Scottish fishermen enraged about the inevitable happening
In September 2016 we detailed how Scottish fishermen who voted for Brexit were going to be let down.
Although we raised many points in that blog, including the extra cost of selling on a catch after we leave the Single Market. The main point of the blog was this:
When Ted Heath signed up to the Common Fisheries Policy, he did so safe in the knowledge that 4000 Scottish fishermen, half the fleet at the time, would lose their jobs. He did this because the Scottish fishing industry isn’t that important to the UK economy as a whole. The fishermen were pawns in a much bigger game.
Problem for them is, if they were pawns back then they are not even flecks of dust on the chess board now.
We followed that up with a blog showing that the article 50 white paper contained a goal of agreeing a mutually beneficial fishing deal. So, the stated negotiating strategy of the UK Government is to agree to access into UK waters for EU fishermen.
This week the EU released their draft negotiating guidelines for the Brexit trade talks.
Paragraph seven of the document states:
As regards the core of the economic relationship, the European Council confirms its readiness to initiate work towards a free trade agreement (FTA), to be finalised and concluded once the UK is no longer a Member State. Such an agreement cannot offer the same benefits as Membership and cannot amount to participation in the Single Market or parts thereof.
This agreement would address:
trade in goods, with the aim of covering all sectors, which should be subject to zero
tariffs and no quantitative restrictions with appropriate accompanying rules of origin. In this context, existing reciprocal access to fishing waters and resources should be maintained.
Of course, the response from fishing industry leaders, UK nationalist politicians and the newly elected Tory MPs who helped lure the fishermen into voting for something that will likely make them worse off, was entirely predictable.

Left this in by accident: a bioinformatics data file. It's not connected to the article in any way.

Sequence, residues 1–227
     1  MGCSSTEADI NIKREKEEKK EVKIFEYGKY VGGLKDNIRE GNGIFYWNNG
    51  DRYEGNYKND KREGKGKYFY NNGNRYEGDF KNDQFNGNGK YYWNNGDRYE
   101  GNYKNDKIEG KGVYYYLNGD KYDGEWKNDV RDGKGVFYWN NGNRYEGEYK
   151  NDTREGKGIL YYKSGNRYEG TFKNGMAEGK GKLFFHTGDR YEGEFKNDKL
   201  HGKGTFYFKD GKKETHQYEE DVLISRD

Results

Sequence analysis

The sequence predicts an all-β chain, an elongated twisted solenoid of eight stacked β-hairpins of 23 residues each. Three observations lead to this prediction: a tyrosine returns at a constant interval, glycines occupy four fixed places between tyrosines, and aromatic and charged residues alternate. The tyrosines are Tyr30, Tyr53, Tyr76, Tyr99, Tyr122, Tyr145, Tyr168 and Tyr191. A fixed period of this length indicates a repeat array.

They lambasted the EU for having the audacity to protect their fishing industry and they expressed worry that the UK government will not deliver the Brexit they had hoped for.
However, that response is akin to expressing shock and anger at the sun rising. These events were highly predictable to anyone looking at this through neutral eyes. Those promising a new dawn for fishing were never in any position to deliver it, and delivering it would jeopardise getting good deals for larger, more powerful sectors of the economy.
This thought should have dawned on those who joined the EUREF flotilla, led up the Thames by Nigel Farage, an ex-commodities trader with no real power and a track record of not caring about the UK fishing industry.
It was the Chancellor of the Exchequer’s reaction to the EU draft paper that was more telling.
He basically confirmed what was written in the article 50 white paper. There will be a mutually beneficial deal on fishing access between the EU and the UK.
Of course, we would be open to discussing with our EU partners about the appropriate arrangements for reciprocal access for our fishermen to EU waters and for EU fishermen to our waters. We would have to negotiate the basis on which such an arrangement could be fair and appropriate for us.
Now compare that to his statement on financial services and the problem facing fishermen hits you in the face.
Philip Hammond has put Britain on a fresh collision course with Brussels after he warned the government could reject any Brexit trade deal not including financial services.
Speaking in Canary Wharf at the headquarters of HSBC on Wednesday afternoon, the chancellor said a trade deal would only happen if it balanced the interests of both the UK and the EU.
“It’s hard to see any deal that did not include financial services can look like a fair and balanced deal,” he said.
Just like in Ted Heath’s day, access to UK waters will be used as a bargaining chip to secure concessions in areas that the government sees as more important.
Only this time, the double whammy for fishermen is that trade barriers are going to be erected as well. Fishermen are going to end up with similar quotas but will find it more expensive to sell their catch to their biggest market; the EU the majority of them voted to leave.
The time for complaining that the inevitable is happening is over. You can’t blame the EU for using its power to protect its fleets and you can’t blame the UK for sacrificing the hopeful desires of a relatively small industry to protect the interests of much larger ones. It’s time for the ideologues who led fishermen into this mess to put their hands up and admit they made a mistake. They let a simplistic vision of a post-Brexit fishing utopia outstrip the reality of the situation and they may well have made themselves worse off as a consequence.